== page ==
Overall, its worth a watch for people who really like Polanski's work although he is capable of much better. Its still an alluring experience as with most of his work. It doesn't quite feel as claustrophobic a film as it could be (with the title and his other work). I might go on a bit of a Polanski binge and watch a bunch of other stuff I haven't seen. Or, revisit some of his best which should be fun.
Gruff Richard (Lionel Stander) drives his heavily wounded companion
Albie to the English seaside. He finds George (Donald Pleasence) and
his flirtatious French wife Teresa (Françoise Dorléac) vacationing at
their island castle and takes them hostage. As Richard waits for his
gangster leader, George's annoying friends surprise them with a visit.
This is black and white, and Roman Polanski's second English film. Jackie Bisset has an early minor role. This is an art house film with an eccentric blend of surreal comedy and thriller horrors. Everybody is a little off-center but not quirky enough to be funny. There is tension but it never really rises. Lionel Stander is terrific with his powerful presence. It does need George and Teresa to cower in order accentuate the terror but they are odd characters. They don't act right but it's not surreal enough to be intriguing. This is an eccentric indie.
*** This review may contain spoilers ***
I could totally identify with the characters in this film. Especially
the one played by Donald Pleasance. He plays one of the most pathetic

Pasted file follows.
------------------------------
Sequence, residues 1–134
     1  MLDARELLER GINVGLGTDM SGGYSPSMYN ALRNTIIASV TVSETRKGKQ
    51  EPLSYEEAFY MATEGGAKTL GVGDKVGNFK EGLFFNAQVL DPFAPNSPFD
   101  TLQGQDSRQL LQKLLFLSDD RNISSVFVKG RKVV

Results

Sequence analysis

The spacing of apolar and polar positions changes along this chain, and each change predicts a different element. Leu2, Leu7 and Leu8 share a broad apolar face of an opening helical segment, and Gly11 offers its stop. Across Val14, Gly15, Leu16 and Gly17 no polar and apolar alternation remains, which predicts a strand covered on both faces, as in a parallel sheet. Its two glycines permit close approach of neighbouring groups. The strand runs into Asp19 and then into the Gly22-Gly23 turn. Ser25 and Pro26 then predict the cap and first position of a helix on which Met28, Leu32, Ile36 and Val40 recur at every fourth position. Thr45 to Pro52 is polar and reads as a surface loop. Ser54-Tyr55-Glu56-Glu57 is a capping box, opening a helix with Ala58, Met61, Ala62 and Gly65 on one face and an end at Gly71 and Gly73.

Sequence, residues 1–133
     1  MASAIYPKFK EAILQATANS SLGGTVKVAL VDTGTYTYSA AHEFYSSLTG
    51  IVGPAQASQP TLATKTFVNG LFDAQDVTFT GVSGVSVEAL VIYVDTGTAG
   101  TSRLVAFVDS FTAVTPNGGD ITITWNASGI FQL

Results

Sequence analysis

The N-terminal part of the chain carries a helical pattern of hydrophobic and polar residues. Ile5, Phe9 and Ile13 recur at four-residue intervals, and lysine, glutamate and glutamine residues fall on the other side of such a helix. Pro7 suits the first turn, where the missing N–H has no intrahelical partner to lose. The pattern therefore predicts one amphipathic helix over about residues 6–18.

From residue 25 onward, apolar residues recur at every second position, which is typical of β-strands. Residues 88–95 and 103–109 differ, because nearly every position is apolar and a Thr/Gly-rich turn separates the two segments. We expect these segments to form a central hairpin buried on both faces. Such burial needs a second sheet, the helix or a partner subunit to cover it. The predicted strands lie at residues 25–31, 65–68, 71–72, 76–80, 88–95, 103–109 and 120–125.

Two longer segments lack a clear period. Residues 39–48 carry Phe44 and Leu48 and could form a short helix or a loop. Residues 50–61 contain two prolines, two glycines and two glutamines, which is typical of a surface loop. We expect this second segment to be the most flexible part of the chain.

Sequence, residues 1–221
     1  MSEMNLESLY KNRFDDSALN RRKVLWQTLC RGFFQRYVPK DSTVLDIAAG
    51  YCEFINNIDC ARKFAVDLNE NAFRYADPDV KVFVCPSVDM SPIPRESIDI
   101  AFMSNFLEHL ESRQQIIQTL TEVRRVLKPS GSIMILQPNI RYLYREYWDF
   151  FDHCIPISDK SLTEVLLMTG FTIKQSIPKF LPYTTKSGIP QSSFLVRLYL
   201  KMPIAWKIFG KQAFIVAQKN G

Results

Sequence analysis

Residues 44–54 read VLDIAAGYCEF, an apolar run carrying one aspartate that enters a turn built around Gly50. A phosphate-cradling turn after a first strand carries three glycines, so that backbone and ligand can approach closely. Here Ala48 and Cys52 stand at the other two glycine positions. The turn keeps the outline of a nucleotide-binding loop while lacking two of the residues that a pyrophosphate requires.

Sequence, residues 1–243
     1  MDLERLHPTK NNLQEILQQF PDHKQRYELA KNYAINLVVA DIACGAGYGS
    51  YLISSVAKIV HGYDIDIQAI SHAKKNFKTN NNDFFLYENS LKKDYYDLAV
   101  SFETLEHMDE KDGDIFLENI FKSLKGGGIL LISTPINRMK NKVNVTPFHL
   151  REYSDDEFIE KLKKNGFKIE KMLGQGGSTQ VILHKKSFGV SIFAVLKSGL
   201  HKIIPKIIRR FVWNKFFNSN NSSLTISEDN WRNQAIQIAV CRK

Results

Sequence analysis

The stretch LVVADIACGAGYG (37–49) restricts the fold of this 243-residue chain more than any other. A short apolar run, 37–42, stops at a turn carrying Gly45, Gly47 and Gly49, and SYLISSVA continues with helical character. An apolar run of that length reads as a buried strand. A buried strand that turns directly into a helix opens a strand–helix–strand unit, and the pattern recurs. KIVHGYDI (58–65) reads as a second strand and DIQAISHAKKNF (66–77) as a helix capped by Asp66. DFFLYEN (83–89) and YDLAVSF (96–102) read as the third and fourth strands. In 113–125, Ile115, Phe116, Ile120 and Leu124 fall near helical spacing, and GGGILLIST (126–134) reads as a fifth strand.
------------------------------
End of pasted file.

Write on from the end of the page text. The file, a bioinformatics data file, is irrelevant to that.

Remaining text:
characters in the history of cinema. When the villain (a gangster on
the run) first meets Pleasance, he has make up and a nightie on. It is
all downhill for him after that. I saw the film as being about people
who are hiding from the world. But the cruel and evil outside world
keeps coming for them. There is no stopping the outside world from
coming for a pathetic person like George (Pleasance). Even if you live
on a remote island. Even his girlfriend (the beautiful Francoise
Dorleac) gets a kick out of humiliating him.
Some of the scenes in the film, like when Pleasance and his girlfriend try to suck up-to the gangster are funny but also reveal so much about human nature. Polanski knows so much about mankind and human nature. He is not someone to be taken lightly. Nor should he be locked up in jail. I hope he makes many more movies.
Polanski seems to have a thing for films of place. The Fearless Vampire Killers and Ghost Writer were films of place. So is Cul De Sac. The film can be enjoyed for its location alone. The deserted island with the large villa at the top and the water that comes in during the high tide all make for some spectacular visuals.
Roman Polanski and his screenwriter in this film, Gerard Brach, were
said to be enamored of theater of the absurd during their sojourn in
Paris in the mid-60s, and wished to make a cinematic version of the
then prevailing absurdist drama. It's been reported that they asked
Samuel Becket, of "Waiting for Godot" fame, if they could film one of
his absurdist dramas, particularly Godot, but he refused saying that
his plays were meant for the stage, and only the stage. So Brach and
Polanski decided to write their own absurdist film script and wrote
"Cul-De-Sac" while in France, but could find no financial backing which
they later sought in England. Financial support was also difficult to
find in England but their success with Repulsion (1965), a
psychological-horror film, made financing available for Cul-De-Sac,
which was the film they wanted to make all along. In an interview in
1970 (before Chinatown), Polanski called it "my best film. I always
loved it. I always believed in it. It is real cinema."